Re: (issue 100) - security considerations

On 19/09/2008, at 5:59 AM, Amit Klein wrote:

> Hi
> A comment on the statement 'the HTTP solution of not allowing  
> servers to answer requests for "other" sites do solves quite a lot  
> of the security concerns regarding information theft using HTTP'.  
> Unfortunately, in some cases it's possible for the attacker to force  
> the agent to send a forged Host header. See 
> .
> I do agree that in general, verifying the request's Host header  
> against the expected hosts serviced by the server is a good  
> practice, but it's not 100% reliable against a DNS rebinding attack  
> that forges the Host header.
> There's a different question here (if I may venture to suggest). Is  
> DNS rebinding attack in scope for the HTTP RFC?

We can certainly discuss it, and have the option to add text warning  
implementers of the dangers, or even specifying protocol extensions to  
mitigate it, if the WG agrees that the problem is serious enough and  
it can be done in a backwards-compatible fashion.

> I mean, obviously it's possible to mount CSRF attacks against  
> internal hosts, and that's well accepted, I suppose. The main 2  
> differences here are that the browser context belongs to the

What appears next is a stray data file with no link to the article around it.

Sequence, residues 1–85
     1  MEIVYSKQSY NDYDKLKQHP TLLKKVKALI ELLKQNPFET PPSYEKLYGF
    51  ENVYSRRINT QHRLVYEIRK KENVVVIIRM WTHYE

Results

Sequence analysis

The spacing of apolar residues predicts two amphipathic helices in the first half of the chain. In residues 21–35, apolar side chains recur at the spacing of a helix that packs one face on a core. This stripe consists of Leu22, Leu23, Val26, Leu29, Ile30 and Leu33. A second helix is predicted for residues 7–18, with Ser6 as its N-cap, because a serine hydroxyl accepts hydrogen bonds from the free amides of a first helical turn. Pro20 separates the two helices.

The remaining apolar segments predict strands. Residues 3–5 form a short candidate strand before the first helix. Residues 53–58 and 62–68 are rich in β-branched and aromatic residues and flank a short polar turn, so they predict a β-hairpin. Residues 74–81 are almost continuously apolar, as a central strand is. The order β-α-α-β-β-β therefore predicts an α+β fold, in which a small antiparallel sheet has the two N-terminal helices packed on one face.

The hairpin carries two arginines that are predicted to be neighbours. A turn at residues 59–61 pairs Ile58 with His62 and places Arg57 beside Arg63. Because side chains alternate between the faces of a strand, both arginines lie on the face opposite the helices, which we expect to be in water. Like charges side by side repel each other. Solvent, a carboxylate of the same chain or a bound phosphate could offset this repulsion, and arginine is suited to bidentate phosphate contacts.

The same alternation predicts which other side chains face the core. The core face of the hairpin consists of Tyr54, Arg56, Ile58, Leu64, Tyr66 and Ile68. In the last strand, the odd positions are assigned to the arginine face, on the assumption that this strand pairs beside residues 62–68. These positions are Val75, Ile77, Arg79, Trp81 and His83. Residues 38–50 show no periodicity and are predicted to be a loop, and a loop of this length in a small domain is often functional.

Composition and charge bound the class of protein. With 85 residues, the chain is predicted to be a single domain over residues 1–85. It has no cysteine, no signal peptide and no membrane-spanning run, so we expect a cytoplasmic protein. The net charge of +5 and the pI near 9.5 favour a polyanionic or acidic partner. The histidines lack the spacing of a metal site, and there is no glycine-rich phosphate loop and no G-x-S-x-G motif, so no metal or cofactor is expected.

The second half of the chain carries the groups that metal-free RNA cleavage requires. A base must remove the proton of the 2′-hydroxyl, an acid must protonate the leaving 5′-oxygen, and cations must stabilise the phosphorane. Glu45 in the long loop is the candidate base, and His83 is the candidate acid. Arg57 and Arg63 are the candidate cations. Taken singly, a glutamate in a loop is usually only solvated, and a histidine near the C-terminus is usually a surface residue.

> attacker's domain, and as such the browser doesn't send cookies,  
> etc. on one hand, but does enable the attacker to read back the  
> response. But essentially, it's not entirely different than CSRF in  
> the sense that a third part site is accessed.
> Also keep in mind that there's no ultimate solution (at least that I  
> know of) to this problem. Even if very strict DNS binding is  
> maintained by the browser, once you close the browser and re-open it  
> (and the attacker switches DNS resolution in between), you're toast.  
> In fact, that was the vector used in the original DNS rebinding  
> attack (original text:, my  
> explanation: item #5 in 
> .
> To counter this kind of attack, you can start attaching IP addresses  
> to cached resources, but it'll pretty quickly turn very ugly. So  
> back to square one. No good solution.

If that's indeed the case, it seems to me that it might be worth  
raising this to the APPS area or IETF overall, as it's not just going  
to affect HTTP, and it likely needs to be fixed in DNS, rather than  
just HTTP implementations. Anyone aware if this sort of discussion is  
already going on somewhere else in the IETF? Security area, or DNSEXT,  


Mark Nottingham

Received on Thursday, 2 October 2008 02:37:52 UTC